Commentary > Bid and Ask

Speculators' ball
The prospects for the best-performing stocks this year are somewhat questionable.
July 1, 2003: 4:44 PM EDT
By Justin Lahart, CNN/Money Senior Writer

NEW YORK (CNN/Money) - It ain't always the cream that rises to the top.

Yes, everybody is brimming with how swell the market has done this year. Best quarterly performance on the S&P 500 since 1998, first time the market has shown a gain at the year's midpoint since 1999, yadda, yadda, yadda.

But the quality of the stocks that have been leading the charge leaves an awful lot to be desired. The top two stocks in the S&P this year: Dynegy, ringing in with a 256 percent gain and Williams Companies, with 196 percent. If memory serves correctly, weren't both these companies in a similar line of business as a joint called Enron?

Next down the list are Avaya, with a 164 percent gain, Corning, at 123 percent, and PMC-Sierra, with 112 percent. All five of the S&P's top returners in 2003 have lost money over the past year.

So what are we to make of the way the stocks of less-than-sterling companies have run up? There are two ways of looking at it.

The bulls say that these particular issues trade less like stocks than options on the survival of the underlying company. Not too long ago investors were seriously questioning if any of these outfits would be in the land of the living much longer. They were all priced -- with reason -- like companies that were just a step or two ahead of their creditors.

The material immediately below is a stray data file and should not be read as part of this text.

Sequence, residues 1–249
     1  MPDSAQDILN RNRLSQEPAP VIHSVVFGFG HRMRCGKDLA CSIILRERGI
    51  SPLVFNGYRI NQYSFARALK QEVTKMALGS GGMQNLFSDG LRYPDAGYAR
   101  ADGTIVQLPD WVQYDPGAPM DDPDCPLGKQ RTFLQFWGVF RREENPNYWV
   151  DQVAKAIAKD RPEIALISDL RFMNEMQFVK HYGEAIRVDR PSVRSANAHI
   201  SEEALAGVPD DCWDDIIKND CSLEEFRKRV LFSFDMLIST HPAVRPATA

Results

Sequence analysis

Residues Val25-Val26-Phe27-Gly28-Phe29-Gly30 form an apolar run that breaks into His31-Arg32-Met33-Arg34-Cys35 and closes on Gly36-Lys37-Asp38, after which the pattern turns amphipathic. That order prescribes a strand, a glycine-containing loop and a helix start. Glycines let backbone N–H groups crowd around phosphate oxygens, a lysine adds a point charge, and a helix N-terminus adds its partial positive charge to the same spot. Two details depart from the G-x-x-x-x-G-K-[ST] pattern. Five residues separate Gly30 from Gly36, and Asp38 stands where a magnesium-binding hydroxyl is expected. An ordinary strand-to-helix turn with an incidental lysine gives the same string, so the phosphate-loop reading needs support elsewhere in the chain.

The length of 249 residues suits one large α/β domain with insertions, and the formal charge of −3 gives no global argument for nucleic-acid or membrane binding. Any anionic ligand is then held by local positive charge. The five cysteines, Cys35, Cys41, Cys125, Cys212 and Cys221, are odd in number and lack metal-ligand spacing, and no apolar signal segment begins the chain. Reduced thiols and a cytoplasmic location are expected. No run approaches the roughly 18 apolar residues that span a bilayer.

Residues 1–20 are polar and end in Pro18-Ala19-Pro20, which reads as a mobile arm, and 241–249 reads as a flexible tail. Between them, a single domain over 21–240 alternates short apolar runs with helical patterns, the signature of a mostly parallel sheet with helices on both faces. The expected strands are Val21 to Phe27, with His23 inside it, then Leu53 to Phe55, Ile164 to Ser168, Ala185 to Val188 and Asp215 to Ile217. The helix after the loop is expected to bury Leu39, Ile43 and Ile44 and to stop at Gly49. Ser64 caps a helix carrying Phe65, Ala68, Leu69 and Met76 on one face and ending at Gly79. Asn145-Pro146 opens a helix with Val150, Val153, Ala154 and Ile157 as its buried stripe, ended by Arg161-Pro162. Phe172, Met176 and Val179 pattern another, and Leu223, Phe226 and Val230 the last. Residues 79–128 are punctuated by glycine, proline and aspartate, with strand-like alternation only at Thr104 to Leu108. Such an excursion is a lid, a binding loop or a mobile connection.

With the economy's improvement and, just as importantly, the loosening up of the credit markets, their prospects for survival look much better today than they did at the beginning of the year.

The bears, on the other hand, say the bulls' argument is a bunch of malarkey, and that the reason these stocks are running higher has nothing to do with rationality and everything to do with speculation. Investors, it seems, haven't learned a thing from the bear market. They're still out to make a quick buck, and to do it they'll jump into the most questionable stocks.

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Both camps probably are a little right. One cannot deny, after all, that things look better now than they did at the beginning of the year. War in Iraq is behind us rather than in front of us, the tax cut has been passed, the Fed is pumping money into the economy and credit is easier to come by.

But the gains in these stocks seem a bit overdone. Think of Corning. Isn't its business -- telecom equipment -- still rife with excesses? Aren't there still far too many players chasing far too little business? What, really, has changed for the sector since the beginning of the year?

If the market is going to improve through the rest of year, it is probably necessary for these speculative issues to take a rest, and for the market to shift its focus onto bigger, better-run companies with more stable businesses. That would be a sign that investors are buying because they see a real economic rebound coming, not because they think certain companies have reduced their chances of going bankrupt.  Top of page

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